So full marks for an engaging adventure story, and for being that rare thing – a module that can work well with many different groups of characters.
Like Tower of Art before, the module also include some additional rules for the game, and in this case the rules are exceptionally elegant, offering as they do a system for torture and the breaking/taming of slaves. The system is geared towards being used on NPCs, though player characters can voluntarily be subject to the same rules if they wish. Torture isn’t something I’d be involved with personally as a Gorean character, but for information gathering purposes, some characters would turn to it, and here we have a system which is all about the breaking down of willpower. I’ll gloss over the torture side, because the bit that really stands out for me is the same use of the willpower rolls for breaking slaves into submission. I touched earlier on how role-playing the slavery elements of Gor in a tabletop game might bring up some awkward moments, even if the slaves in question are NPCs.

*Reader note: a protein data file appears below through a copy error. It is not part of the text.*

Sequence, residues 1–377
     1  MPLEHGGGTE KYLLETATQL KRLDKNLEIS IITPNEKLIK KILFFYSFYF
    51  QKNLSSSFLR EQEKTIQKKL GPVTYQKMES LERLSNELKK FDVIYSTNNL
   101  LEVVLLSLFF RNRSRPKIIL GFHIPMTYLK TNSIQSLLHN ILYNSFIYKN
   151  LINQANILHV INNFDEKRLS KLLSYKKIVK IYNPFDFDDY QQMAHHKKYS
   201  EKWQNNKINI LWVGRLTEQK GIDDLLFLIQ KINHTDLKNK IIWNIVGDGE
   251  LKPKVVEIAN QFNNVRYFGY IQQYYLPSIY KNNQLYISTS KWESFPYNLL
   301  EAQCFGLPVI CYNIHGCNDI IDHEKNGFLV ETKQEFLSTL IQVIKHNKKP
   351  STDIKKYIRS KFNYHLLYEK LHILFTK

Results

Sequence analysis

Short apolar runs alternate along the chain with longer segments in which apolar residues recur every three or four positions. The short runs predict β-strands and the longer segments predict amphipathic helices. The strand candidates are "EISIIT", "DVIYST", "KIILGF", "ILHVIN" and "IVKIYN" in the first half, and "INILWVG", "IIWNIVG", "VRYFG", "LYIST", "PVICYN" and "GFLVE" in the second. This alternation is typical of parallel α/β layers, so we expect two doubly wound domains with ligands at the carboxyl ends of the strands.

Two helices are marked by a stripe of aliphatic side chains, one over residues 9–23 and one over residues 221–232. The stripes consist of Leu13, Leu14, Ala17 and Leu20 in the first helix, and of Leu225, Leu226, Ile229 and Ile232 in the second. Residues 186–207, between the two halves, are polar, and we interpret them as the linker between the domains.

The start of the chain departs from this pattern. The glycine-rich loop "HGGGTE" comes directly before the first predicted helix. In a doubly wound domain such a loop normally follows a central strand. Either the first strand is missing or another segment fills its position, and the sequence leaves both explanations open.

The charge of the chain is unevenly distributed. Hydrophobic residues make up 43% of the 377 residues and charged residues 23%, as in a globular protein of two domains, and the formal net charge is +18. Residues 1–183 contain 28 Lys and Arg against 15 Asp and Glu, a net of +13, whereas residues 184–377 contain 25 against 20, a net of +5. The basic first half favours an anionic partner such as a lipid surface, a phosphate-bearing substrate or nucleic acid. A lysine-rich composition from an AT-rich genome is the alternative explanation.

So, what the rules do then is apply some game mechanics to what might otherwise lead to some potentially cringe worthy moments of role-play exchanges, offering the group the chances instead to steer such things into the territory driven by game mechanics in a more abstract fashion, if they feel uncomfortable with role-playing such scenes in detail. There’s also a comfortable middle ground where each stage in the game mechanics can prompt a short 'in character' exchange to support the dice rolls. An approach I’d probably adopt.